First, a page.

Photographer's Note

In 1934, a young man of age 20 walked into the canyon just beyond the first ridge in this photo and disappeared. Everett Ruess had wandered all over the southern Utah area, as well as Arizona, Nevada, and many parts of California. He was young and he was an artist and poet. When he needed money, he would sketch or make wood block prints and sell them--or he would stop in small towns to do odd jobs. Then he would continue his vagabond ways.

Travelling with a burro or two, and often a dog, he would suddenly appear in small Utah towns, do a little work, make friends (he was a very friendly lad), and then vanish again into the desert. In 1934, he appeared in Escalante, Utah just in time for a Mormon church dance, which he attended. All the girls wanted to dance with the mysterious, tanned-skin stranger. He worked there for a few days until he had enough money to buy some food and supplies. Then he walked east and south and was never heard of again.

No one really noticed his disappearance, except for his family back in California, until some ranchers came upon his backpack and his burro in Davis Gulch. Mysteriously, the word NEMO was scrawled on the canyon wall. I can imagine that his family back home read through his worn copy of "20,000 Leagues Under the Sea" several times!

Everett Ruess has now become an official legend here in Utah and in much of the west. His art and poetry are still to be found in books to this day. Years after his disappearance, someone here or there would suddenly comment that they bought some art work from a stranger in the middle of the desert, or gave an artist a ride, so maybe he is dead, and maybe he isn't.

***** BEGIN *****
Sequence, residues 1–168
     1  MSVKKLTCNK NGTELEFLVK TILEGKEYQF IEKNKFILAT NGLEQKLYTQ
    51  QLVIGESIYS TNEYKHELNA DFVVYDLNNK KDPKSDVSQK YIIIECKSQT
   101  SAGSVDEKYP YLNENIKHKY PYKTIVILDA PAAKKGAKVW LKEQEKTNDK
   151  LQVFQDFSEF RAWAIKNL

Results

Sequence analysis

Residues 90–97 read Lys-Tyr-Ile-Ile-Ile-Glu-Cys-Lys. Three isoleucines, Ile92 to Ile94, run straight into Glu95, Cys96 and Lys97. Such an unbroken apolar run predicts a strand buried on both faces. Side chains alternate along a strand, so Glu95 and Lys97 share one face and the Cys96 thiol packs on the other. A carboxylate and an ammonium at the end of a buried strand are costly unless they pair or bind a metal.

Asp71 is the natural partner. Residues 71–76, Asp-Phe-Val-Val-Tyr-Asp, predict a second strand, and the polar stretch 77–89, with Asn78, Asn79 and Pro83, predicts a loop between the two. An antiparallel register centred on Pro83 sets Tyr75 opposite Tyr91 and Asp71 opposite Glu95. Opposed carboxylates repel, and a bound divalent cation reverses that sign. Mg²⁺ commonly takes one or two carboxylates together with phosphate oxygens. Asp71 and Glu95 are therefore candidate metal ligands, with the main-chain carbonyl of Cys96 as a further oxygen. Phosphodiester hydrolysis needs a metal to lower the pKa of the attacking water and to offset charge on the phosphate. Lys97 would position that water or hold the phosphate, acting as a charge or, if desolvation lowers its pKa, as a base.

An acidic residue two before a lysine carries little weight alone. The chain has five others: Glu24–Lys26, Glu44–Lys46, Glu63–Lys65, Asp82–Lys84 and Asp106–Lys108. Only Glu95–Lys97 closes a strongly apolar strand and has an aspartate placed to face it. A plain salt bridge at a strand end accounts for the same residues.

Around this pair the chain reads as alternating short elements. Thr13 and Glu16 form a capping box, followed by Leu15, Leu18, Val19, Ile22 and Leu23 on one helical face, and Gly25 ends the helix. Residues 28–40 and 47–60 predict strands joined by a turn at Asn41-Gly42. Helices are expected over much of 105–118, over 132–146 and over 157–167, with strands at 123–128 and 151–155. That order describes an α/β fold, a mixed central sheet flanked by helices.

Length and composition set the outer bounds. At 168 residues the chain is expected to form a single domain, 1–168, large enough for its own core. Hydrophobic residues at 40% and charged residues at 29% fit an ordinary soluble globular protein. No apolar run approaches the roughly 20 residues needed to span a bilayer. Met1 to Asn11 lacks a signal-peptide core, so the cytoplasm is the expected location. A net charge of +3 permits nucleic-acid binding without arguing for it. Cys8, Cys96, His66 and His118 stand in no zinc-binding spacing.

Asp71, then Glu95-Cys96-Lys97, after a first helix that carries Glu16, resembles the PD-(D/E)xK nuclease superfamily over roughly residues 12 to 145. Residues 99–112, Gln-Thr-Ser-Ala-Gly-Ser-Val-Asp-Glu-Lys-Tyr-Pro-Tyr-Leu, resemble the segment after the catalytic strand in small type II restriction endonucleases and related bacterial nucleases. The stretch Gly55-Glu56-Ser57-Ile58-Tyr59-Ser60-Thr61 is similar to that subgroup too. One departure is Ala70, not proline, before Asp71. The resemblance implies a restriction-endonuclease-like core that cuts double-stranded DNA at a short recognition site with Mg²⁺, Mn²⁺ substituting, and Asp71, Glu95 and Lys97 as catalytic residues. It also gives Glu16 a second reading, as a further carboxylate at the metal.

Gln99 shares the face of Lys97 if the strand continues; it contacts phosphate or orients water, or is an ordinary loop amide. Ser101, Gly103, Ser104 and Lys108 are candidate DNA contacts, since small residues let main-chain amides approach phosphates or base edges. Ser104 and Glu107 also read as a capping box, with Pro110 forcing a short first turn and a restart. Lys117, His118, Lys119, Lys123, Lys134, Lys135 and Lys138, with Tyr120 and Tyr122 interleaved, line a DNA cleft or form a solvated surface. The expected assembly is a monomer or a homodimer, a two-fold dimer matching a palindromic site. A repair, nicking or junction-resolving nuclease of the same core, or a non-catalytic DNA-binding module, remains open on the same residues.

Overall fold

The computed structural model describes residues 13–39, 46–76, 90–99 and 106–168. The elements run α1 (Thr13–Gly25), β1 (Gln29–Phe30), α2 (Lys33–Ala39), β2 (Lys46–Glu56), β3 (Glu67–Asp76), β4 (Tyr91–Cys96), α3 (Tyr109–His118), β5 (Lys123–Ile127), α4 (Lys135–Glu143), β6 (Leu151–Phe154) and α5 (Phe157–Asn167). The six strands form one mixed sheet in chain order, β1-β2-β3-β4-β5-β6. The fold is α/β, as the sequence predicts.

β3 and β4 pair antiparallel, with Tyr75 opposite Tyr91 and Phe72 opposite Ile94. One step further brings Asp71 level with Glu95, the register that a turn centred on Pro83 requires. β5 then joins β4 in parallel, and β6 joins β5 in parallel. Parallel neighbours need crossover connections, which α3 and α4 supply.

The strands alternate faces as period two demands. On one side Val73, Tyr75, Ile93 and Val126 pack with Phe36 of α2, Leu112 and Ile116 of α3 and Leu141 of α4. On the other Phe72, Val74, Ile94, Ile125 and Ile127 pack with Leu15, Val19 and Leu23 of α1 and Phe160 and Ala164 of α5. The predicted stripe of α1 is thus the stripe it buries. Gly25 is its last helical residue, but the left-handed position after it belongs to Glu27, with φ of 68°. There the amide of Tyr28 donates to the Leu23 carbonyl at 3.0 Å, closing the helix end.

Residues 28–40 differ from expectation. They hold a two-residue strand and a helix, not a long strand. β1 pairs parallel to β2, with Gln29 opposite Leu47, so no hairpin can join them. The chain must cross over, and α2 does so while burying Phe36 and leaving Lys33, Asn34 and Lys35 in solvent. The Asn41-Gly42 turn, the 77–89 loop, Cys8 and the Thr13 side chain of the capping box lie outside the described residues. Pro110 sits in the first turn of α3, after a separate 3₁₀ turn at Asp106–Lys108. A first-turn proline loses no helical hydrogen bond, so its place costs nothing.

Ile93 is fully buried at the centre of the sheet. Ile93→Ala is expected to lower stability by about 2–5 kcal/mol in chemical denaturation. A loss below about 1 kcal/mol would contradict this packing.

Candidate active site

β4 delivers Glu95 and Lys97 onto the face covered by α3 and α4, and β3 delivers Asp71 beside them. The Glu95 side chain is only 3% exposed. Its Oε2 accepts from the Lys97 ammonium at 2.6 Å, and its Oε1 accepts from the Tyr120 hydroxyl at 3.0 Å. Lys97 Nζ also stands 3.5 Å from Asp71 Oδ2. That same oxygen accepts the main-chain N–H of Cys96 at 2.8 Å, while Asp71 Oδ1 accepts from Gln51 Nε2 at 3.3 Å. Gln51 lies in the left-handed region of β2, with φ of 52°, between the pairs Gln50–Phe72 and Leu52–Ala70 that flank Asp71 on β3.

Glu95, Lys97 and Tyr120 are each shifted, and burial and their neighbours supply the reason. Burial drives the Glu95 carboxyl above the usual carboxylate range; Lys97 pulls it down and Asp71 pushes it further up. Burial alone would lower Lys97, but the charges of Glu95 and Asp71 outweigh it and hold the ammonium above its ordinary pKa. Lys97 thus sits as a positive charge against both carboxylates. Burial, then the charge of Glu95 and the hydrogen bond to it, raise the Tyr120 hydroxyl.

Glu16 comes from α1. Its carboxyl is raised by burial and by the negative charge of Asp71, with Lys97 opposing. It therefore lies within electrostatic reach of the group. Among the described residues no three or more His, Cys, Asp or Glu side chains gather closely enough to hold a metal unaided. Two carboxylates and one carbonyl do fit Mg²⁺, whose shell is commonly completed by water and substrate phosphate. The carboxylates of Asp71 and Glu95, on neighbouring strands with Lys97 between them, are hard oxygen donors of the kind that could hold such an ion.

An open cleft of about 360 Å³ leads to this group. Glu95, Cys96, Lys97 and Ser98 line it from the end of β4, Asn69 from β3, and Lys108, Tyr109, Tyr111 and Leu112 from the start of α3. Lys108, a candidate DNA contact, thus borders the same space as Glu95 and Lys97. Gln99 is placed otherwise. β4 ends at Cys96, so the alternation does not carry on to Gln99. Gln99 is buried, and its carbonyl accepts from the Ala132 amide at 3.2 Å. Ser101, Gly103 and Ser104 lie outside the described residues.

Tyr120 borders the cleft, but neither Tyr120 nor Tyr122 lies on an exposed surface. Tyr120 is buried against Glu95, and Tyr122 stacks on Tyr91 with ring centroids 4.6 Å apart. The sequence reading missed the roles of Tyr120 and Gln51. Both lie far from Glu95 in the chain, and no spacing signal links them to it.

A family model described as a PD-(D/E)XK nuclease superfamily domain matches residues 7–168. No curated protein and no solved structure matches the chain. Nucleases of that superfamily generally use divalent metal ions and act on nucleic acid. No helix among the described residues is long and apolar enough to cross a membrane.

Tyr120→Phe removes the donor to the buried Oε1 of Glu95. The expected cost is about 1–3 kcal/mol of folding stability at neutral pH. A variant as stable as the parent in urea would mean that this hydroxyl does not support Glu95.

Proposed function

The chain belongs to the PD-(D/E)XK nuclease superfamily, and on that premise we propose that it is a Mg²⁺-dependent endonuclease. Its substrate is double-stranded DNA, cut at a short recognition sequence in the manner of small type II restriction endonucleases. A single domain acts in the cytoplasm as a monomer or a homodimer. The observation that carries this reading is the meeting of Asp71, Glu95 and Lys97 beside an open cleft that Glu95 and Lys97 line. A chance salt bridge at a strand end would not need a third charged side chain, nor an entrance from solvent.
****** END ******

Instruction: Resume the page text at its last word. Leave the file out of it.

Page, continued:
He wrote once, "I am drunk on the fiery elixer of beauty," which was rather characteristic of his notes. Another: "I have seen almost more beauty than I can bear." When as a teenager I would go off on my trips into the desert--often alone--my parents had a vague fear that I would disappear like Everett had, for they were familiar with his story.

I'm going off again tomorrow to wander the deserts that Everett wandered. If you ever have the chance to do the same, I'm sure that you, like me, will understand how Everett could have loved this country so much.

I should be back in a few days. But if I don't return, you'll know that I, like Everett, am just a vagabond for beauty.

I know it's Christmas today, but in two days it will be the last day of Hannukah--so happy Hannukah all! I won't be here to wish it to you when the time comes.

(Just to allay your fears--I plan on returning!)

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Additional Photos by David Sidwell (dsidwell) Gold Star Critiquer/Gold Star Workshop Editor/Gold Note Writer [C: 2294 W: 168 N: 1911] (9783)
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